27 March 2014
Seven Incorrect Assumptions about Live Chat Software
Live Chat Software has been around for a long time but it is still a relatively new sales and support tool for online businesses. Little surprise then that there is still a lot of apprehension surrounding this technology, including concerns about security and privacy, auditing, cost, stability, performance management and operator adoption.
These were all sore points a decade or two ago, but technology has come a long way. Today’s naysayers of live chat software only have a handful of gripes remaining – most of which have been addressed by more conscientious web chat providers.
The following issues have been sourced from several blogs, whitepapers and news reports as well as from our own contact with customers.
1.It’s not as secure
Yes, it’s probably easier than intercepting a phone call, but every quality live chat solution should include 128bit encryption and connect over HTTPS. This keeps the chance of someone obtaining sensitive information to an absolute minimum. This means that messages between customer and company are no more or less at risk than a standard e-mail service. However, the ability to pose security questions to the customer in real time and the fact that past chats, email addresses and chat authentication details can be kept separately in the software’s database (rather than the e-mail’s thread), means that chat is actually the safer option. This is especially true if the chat operators are kept in-house.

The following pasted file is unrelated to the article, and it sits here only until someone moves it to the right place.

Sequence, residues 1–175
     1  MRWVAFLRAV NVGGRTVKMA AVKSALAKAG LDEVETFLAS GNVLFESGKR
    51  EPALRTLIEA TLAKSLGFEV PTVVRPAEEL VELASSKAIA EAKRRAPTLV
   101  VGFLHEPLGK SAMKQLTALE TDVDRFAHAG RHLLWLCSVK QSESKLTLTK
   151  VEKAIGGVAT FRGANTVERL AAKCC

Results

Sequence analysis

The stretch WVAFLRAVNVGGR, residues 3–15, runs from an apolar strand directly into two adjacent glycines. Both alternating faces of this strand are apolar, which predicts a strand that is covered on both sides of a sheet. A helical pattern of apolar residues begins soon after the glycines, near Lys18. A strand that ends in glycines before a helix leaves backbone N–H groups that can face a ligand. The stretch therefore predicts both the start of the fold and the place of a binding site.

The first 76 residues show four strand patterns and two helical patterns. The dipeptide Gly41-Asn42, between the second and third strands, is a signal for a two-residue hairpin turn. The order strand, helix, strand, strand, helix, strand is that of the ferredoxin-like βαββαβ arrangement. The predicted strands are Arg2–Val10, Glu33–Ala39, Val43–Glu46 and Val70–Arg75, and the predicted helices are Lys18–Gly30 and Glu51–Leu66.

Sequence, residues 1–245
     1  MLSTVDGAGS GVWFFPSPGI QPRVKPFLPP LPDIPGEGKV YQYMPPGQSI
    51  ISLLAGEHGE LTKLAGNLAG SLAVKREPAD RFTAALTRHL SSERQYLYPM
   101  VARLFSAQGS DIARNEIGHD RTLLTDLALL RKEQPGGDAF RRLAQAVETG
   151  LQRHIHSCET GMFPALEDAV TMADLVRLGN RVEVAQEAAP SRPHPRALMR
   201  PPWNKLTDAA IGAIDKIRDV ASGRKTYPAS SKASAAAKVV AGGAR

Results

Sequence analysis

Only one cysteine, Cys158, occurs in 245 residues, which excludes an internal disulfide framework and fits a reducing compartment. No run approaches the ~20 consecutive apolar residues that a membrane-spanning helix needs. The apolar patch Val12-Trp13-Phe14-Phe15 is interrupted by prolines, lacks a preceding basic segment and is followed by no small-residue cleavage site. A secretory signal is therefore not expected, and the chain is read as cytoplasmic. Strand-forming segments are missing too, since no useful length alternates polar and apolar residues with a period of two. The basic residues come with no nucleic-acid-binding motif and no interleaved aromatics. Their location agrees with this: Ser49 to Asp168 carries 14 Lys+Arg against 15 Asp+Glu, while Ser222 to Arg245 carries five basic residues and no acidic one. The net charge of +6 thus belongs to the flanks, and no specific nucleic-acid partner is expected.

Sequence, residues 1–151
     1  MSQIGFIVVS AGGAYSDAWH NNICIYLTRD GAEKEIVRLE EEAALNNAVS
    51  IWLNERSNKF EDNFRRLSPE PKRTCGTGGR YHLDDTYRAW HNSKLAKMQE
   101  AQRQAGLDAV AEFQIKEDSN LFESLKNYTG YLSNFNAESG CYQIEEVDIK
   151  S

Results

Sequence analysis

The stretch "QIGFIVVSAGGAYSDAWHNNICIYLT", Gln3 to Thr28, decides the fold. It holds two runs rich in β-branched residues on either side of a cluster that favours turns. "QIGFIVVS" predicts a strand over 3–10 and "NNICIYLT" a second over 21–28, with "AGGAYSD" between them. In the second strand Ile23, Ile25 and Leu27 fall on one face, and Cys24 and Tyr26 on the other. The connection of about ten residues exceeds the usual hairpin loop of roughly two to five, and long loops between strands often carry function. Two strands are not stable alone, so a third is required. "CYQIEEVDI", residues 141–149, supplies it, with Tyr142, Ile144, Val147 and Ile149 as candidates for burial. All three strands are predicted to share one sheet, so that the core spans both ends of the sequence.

2. You can’t track operator performance
For larger companies that enjoy crunching numbers, ROI is everything. Despite integration of complex analytics, there are still businesses that maintain operator performance can’t be properly managed through live chat. There are now a number of options available to see how operators are performing. For example, our software allows customers to track operator downtime, which conversions were assisted chat, the duration of the chat and much more. Concerns about inappropriate words or sensitive information being shared by operators can also be combatted by using a customisable filter.
3. No one will use it
Nobody likes change, until they see the benefits. This is no different with technology. The best way to encourage employees to use the live chat software is by showing them how it can make their job easier. You can also give them a gentle push in the right direction by setting up their default login time. Downtime can be monitored and chat allocation can be handled automatically by the system (which will balance allocation according to workload) or by a designated operator. Another advantage of a hosted solution is that it can be outsourced.
4. People will mess with the Software
Once a new piece of software is adopted by employees, companies face a new challenge trying to manage the changes operators make to the system. Incorrectly assigning chats, changing the chat window design and editing or removing dialogue shortcuts are all actions that can complicate an otherwise elegant solution. Avoid this by providing full operator training and restricting access to customisable aspects of the live chat software. Most modern solutions come with a range of auditing functions. Our own technology allows you to view account creation and configuration for each user for complete transparency.